Christ Church, Turnham Green
Turnham Green shown within Greater London
|OS grid reference|
|Ceremonial county||Greater London|
|Sovereign state||United Kingdom|
|UK Parliament||Brentford & Isleworth|
|London Assembly||South West|
Turnham Green is a public park situated on Chiswick High Road, Chiswick, London. It is separated in two by a small road. Christ Church (George Gilbert Scott, 1843) stands on the eastern half of the green. A war memorial stands on the eastern corner. On the south side is the old Chiswick Town Hall.
The green is the site of local community events, including a travelling funfair, church events and charity table-top sales.
The nearest London Underground station is Chiswick Park on the District line. Confusingly, the eponymous Turnham Green tube station is actually situated on Chiswick Common, some 1 km (0.6 mi) to the east. Turnham Green was the terminus of London Buses route 27 (running from Chalk Farm), but in 2012 the route was extended to Chiswick Business Park; and also the terminus of route 440 (running from Stonebridge Park), but in 2010 the route was extended to Power Road.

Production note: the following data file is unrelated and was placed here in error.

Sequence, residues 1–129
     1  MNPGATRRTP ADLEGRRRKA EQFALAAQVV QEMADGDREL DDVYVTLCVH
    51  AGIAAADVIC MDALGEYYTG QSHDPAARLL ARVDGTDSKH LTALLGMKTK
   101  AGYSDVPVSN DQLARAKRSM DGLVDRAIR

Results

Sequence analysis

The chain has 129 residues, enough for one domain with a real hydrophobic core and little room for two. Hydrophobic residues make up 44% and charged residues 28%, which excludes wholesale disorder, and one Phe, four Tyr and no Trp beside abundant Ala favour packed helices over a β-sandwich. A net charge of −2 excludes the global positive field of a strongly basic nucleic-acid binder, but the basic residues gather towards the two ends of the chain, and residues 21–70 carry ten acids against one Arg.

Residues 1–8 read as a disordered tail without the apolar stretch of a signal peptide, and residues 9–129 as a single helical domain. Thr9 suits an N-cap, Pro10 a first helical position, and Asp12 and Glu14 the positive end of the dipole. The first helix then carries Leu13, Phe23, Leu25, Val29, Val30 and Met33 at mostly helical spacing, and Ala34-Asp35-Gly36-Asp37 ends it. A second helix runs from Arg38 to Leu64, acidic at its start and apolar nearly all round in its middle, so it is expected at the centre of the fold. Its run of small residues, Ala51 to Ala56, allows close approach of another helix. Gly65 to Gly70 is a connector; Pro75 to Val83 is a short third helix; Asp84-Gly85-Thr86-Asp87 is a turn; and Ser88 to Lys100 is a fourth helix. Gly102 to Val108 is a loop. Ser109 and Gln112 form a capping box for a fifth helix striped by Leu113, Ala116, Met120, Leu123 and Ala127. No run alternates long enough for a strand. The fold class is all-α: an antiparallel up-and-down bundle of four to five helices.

Turnham Green was a village on the main road between London and the west. It was recorded as 'Turneham' in 1235 and 'Turnhamgrene' in 1369. On 13 November 1642, the Battle of Turnham Green was fought nearby during the First English Civil War resulting in the Parliamentarians blocking the King's advance on London. In 1680 the homicidal Philip Herbert, 7th Earl of Pembroke murdered a watchman, William Smeeth, after a drunken evening in the local tavern. A similar but far less serious episode in the tavern in 1795 saw the young Daniel O'Connell arrested for drunken and riotous behaviour. The artist William Hogarth had a 'Country cottage' nearby on what is now known as Hogarth Roundabout.
As the area developed, it became part of Chiswick.
Charles Dickens refers to "that magnificent potentate, the Lord Mayor of London, [who] was made to stand and deliver on Turnham Green, by one highwayman, who despoiled the illustrious creature in sight of all his retinue."
- Edward Adey, abolitionist, was born here in 1799.
- Ugo Foscolo, Venetian writer and poet, key figure of Italian Neoclassicism and Romanticism, died here in 1827.
- Mitchell Symons, author and journalist, lived here between 1988 and 1996
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